It’s here that she returns to Bail Organa, formally joining the Rebellion to act not as a Jedi hero for him, but as an intelligence and communications expert, providing the basis for a network the various small cells of Organa’s would-be-operatives to communicate through. Abandoning her identity as Ashla, she takes on another pseudonym to reflect her position within the Rebellion: Fulcrum.

Ahsoka Tano closes one chapter. (Image: Lucasfilm)

What follows for us, at least, is a huge gap in Ahsoka’s narrative. We next meet her in 4BBY — four years before the events of A New Hope, for those not up on their Star Wars chronology — when Ahsoka makes herself known to the cell of Lothal rebels lead by Hera Syndulla after it’s revealed there are two Force-sensitives among their number: former Jedi Padawan Caleb Dume (operating under the pseudonym Kanan Jarrus) and his would-be apprentice, Lothalian orphan Ezra Bridger.

We don’t really know what Ahsoka did in those roughly 14 years since signing up as Fulcrum other than be Fulcrum, however. In Rebels’ first season, we’re re-introduced to her as a vocoder-masked voice in Hera’s ear, a secretive operative keeping a distance and helping from afar until it becomes absolutely necessary in the season’s climax for Hera and her team to be introduced to both Ahsoka and the wider Rebel network. And even when she is made known to Rebels’ heroes, she still mostly sticks to herself, going off on her own missions until fate and the lingering specter of Darth Vader pushes her, Kanan, and Ezra together again on the planet Malachor.

It’s here that she’s reunited with someone else, too: her former master, Anakin Skywalker, now transformed into Darth Vader, who himself has spent the decades since bidding his Padawan farewell and exterminating what was left of the Jedi Order. Although Ahsoka is nearly felled by Anakin in their duel on the planet, she’s saved by Ezra…but not the Ezra she ventured to Malachor with. Sort of. Kind of. This is where even this part of Ahsoka’s tale we know gets weird.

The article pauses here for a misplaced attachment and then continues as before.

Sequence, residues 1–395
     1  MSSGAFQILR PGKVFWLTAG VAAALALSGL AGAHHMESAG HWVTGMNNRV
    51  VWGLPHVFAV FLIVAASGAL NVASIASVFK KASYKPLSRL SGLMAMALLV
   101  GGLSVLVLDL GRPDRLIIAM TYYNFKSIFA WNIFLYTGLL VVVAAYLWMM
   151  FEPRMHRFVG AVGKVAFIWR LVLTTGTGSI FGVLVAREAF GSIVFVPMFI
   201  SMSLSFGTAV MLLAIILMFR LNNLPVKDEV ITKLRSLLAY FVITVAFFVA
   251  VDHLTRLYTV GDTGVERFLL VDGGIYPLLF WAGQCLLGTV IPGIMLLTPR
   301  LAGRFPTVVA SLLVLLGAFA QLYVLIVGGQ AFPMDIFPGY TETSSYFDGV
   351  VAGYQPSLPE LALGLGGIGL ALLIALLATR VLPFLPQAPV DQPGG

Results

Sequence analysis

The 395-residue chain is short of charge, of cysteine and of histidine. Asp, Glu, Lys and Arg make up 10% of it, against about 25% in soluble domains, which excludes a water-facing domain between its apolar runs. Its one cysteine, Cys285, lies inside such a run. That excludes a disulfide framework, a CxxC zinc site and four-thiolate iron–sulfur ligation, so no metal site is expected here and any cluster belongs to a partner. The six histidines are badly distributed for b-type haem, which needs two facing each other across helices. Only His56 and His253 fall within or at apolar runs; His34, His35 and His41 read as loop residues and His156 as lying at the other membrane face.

Although Ahsoka chooses to hold Vader off at seemingly the cost of her own life to ensure Ezra and Kanan can flee Malachor, Ezra returns to save her from being dealt a fatal blow by Vader…two years after he fled the world in the first place. That doesn’t mean Ahsoka’s battle with Vader was exhaustingly long; Ezra actually saves Ahsoka by wrenching her through time and space. He’d discovered a limbo-bound nexus of the Force on his homeworld in a secret Jedi temple, known only as the World Between Worlds. Transcending time and space as we know it, Ezra inadvertently uses its myriad gateways to pull Ahsoka from her battle with Vader years prior and into his “present.”

After helping Ezra prevent the Emperor from gaining access to the World Between Worlds, Ahsoka returns to Malachor via one of its portals, although it’s left distinctly unclear whether or not she’s transported there just physically through space, or through time to catch up on the two years she’d just missed out on. What is known — thanks to, of all things, a series of digital trading cards sketched by Rebels co-creator Dave Filoni for the Star Wars Card Trader app — is that on Malachor she ventures further into the Sith Temple she had fought Vader at the top of, only to uncover more pathways into the World Between Worlds…seemingly re-entering it for some undisclosed period of time.

Just some of the cards exploring what happened to Ahsoka after first leaving the World Between Worlds.

Just some of the cards exploring what happened to Ahsoka after first leaving the World Between Worlds.

Just some of the cards exploring what happened to Ahsoka after first leaving the World Between Worlds.

Whatever Ahsoka did, and for however long, we know that by another 13 years later, she’s back in the “normal” galaxy — appearing at the very end of Star Wars Rebels’ epilogue, set shortly after the end of Return of the Jedi, to recruit Sabine Wren on a mission to find their former friend Ezra, after he seemingly sacrificed himself to help liberate his homeworld from clutches of Grand Admiral Thrawn. What she did in the meantime, and how much of it connnected to the even deeper mysteries of the World Between Worlds, remains unknown for now. Much like Ahsoka herself.

Even now, it’s clear there’s much more to Ahsoka’s tale. In The Mandalorian, we’ll get a tantalising update on a character who, at that point, we’ve not seen anything from for nearly a decade of Star Wars events — arguably the most important decade of all, the galactic civil war. Further still, there are the stories that will be told beyond that, with Rebels’ epilogue painting a future for Ahsoka (and Sabine, too).

If there is one thing that isn’t a mystery to us, however, it’s this: try as it might, the galaxy far, far away can’t get rid of Ahsoka Tano. She’s here, she’s enduring, and she’ll be here for a good while yet.